Once more, DOD would severely debilitate an important employee protection. The Department would determine for itself who would be the union's representative by choosing the closest steward, regardless of that individual's skills or qualifications or the union's determination of who could best handle that case. The Department also seeks to overturn a decision by the United States Supreme Court that held that any component of the Agency that would interview an employee in an investigation that could result in that employee's being subject to discipline, including criminal investigative organizations or the Inspector General, must afford the employee the right to union representation. Again, DOD arrogantly seeks to rewrite any decision it does not like.
The Freedom of Information Act procedures will be used for union requests for information.
For 70 years it has been recognized that unions are entitled to information maintained by management when it is necessary to support collective bargaining. A large body of case law has developed in both the private sector and the federal sector regarding what information is required and the conditions for providing it. The outline would substitute the provisions of the Freedom of Information Act for these labor relations-specific provisions. The FOIA is intended to provide information to the general public about the actions of the government. Only that information that is in the public interest is required to be divulged. Information that is maintained by the Agency regarding employee discipline, or other working conditions in a particular workplace may not rise to that level of interest to the general public, but is of vital concern to the union seeking to represent employees. This proposal is a thinly-veiled attempt to curtail the information DOD would have to provide to the union.
The union would have the right not to represent any bargaining unit member who is not a member of the union, if that employe does not pay the required fee. If a fee is received, the union must fairly and competently represent the member.
As discussed above, this would apply only to individual cases and not to representing the unit as a whole. As discussed, below, the outline eliminates provisions for a negotiated grievance procedure, so employees would be free to use their own representatives in the DOD complaint process. As such, the outline is no different from the current situation in which unions are free to decline to represent nonmembers in statutory appeals. However, the outline would increase the standard of union representation that must be provided over what has existed for 70 years.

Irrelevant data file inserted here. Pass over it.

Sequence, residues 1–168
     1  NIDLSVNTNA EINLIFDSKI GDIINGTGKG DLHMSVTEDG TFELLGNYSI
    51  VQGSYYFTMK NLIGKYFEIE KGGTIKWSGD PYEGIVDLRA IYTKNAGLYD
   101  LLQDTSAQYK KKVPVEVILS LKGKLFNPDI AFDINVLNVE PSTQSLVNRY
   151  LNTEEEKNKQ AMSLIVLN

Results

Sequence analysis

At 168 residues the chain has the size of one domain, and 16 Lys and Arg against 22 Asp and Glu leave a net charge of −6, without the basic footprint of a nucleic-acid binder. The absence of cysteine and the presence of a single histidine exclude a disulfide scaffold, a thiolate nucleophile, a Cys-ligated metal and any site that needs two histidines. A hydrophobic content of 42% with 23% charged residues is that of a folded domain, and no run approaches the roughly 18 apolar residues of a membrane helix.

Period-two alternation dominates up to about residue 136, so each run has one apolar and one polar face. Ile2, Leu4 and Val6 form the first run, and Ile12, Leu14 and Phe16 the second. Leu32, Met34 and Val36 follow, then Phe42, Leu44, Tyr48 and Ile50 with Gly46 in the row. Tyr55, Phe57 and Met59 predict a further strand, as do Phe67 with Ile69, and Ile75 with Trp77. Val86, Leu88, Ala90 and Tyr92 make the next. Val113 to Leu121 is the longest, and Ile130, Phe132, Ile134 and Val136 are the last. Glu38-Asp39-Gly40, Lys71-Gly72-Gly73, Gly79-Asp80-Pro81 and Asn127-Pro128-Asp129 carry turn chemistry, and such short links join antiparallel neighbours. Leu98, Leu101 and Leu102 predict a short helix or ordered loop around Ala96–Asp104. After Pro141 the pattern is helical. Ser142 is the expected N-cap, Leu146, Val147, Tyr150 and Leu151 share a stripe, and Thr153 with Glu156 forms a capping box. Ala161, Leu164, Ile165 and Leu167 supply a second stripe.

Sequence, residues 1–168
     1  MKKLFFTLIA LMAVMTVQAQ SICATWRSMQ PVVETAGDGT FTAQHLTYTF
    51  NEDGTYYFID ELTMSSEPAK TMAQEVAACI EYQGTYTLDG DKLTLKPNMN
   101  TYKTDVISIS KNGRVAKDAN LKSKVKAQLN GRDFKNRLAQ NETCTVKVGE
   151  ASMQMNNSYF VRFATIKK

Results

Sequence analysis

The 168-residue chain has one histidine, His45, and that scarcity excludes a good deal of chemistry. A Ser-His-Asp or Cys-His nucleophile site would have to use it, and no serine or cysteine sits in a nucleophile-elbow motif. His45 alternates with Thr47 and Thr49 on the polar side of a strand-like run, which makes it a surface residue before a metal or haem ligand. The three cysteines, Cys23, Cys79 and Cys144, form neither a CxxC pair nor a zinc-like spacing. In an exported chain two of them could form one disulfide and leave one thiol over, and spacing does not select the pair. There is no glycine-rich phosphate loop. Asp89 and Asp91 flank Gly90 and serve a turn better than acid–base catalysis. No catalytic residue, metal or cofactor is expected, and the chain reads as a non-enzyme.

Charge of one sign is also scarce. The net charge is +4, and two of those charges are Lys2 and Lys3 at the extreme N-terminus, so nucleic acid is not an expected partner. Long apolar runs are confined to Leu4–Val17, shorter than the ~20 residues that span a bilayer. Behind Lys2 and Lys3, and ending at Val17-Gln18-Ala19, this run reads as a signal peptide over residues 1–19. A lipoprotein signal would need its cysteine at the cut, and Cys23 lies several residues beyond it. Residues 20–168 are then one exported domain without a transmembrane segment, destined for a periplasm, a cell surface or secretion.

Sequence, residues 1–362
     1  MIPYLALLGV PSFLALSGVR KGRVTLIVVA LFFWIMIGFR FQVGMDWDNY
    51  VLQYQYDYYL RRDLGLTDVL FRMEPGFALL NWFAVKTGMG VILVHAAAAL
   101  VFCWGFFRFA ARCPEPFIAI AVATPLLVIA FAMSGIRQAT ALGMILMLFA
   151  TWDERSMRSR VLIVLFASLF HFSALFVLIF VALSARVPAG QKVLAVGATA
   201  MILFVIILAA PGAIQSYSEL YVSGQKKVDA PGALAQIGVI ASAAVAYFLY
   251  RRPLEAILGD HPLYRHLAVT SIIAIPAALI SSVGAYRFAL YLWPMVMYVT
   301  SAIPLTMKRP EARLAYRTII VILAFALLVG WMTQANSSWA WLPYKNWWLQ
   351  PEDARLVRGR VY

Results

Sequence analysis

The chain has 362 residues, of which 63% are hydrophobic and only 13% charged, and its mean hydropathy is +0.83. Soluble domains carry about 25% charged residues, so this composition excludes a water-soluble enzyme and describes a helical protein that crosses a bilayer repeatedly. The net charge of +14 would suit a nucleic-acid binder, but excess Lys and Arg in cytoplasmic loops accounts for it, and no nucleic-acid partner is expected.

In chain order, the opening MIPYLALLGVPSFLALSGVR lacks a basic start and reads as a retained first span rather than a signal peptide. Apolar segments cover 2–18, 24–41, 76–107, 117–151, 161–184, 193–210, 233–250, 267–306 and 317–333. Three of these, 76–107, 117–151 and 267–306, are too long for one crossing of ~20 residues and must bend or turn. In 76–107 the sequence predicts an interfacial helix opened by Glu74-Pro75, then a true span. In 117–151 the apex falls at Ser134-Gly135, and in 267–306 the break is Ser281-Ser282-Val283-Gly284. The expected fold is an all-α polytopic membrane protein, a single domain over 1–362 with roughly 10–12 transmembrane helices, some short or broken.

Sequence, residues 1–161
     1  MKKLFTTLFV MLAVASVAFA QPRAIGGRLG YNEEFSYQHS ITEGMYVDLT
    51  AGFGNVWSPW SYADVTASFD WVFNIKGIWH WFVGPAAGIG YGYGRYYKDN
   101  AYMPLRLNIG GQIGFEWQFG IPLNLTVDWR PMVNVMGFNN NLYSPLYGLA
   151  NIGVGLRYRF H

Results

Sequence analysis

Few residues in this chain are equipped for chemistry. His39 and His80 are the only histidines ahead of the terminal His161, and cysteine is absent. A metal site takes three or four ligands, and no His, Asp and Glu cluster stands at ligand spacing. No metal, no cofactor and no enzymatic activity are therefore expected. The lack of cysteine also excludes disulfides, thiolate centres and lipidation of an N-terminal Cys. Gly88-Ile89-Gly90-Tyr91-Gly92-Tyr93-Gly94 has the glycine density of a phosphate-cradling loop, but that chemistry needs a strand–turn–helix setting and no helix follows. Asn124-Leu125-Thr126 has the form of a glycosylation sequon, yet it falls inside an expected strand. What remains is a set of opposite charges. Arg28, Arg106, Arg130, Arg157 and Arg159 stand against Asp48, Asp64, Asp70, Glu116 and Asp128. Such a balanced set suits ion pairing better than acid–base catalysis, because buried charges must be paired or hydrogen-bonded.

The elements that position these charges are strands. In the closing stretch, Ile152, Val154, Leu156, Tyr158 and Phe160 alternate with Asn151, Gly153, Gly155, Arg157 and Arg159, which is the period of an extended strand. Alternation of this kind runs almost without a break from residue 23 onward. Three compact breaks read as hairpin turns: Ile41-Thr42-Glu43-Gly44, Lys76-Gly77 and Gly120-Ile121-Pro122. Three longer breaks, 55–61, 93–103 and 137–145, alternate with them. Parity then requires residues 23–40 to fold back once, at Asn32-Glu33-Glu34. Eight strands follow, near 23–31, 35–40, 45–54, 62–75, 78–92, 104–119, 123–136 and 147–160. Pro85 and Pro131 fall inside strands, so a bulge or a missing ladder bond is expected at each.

10. Official Time
Official time would be available only for specified uses and only when approved in advance by the appropriate supervisor. Official time could be used for consultation, preparation time for consultation, presentation of labor disputes, management-initiated meetings, and for any other situations as requested by the union and approved by management "at its sole and exclusive discretion."
For more than 40 years the Federal sector labor relations program has allowed union officials to perform representational duties on official time, or time paid for by the government, in recognition of the union's obligation to represent union members and nonmembers alike, and the inability to impose representational fees on nonmembers. The system provided that the parties would determine the uses of official time and the procedures for obtaining it through negotiations. The outline would reserve these decisions "solely and exclusively" to the employer. The result will be a weaker union, unable to properly represent the interests for the bargaining unit.
11. All Inclusive Complaints Review
The outline would consolidate all employee complaints currently filed under negotiated grievance procedures, administrative grievance procedures, and the statutory MSPB appeals process into a new NSPS appeals system. DOD would write the rules for how these appeals would be administered. As discussed above, the DLRB would adjudicate employee appeals.
DOD substitutes a management-dominated complaint review process for processes that had been negotiated by the parties. Instead of final decisions being issued by neutral, independent reviewers, the final decision will be issued by the management-controlled DLRB. The outline would recognize the imperial power of DOD over its employees.
Local union and management complaints that previously had been the subject of negotiated grievance procedures or unfair labor practice charges would be appealable only to the DLRB . Complaints would have to be filed within 15 days of the event or the date the charging party became aware of the event.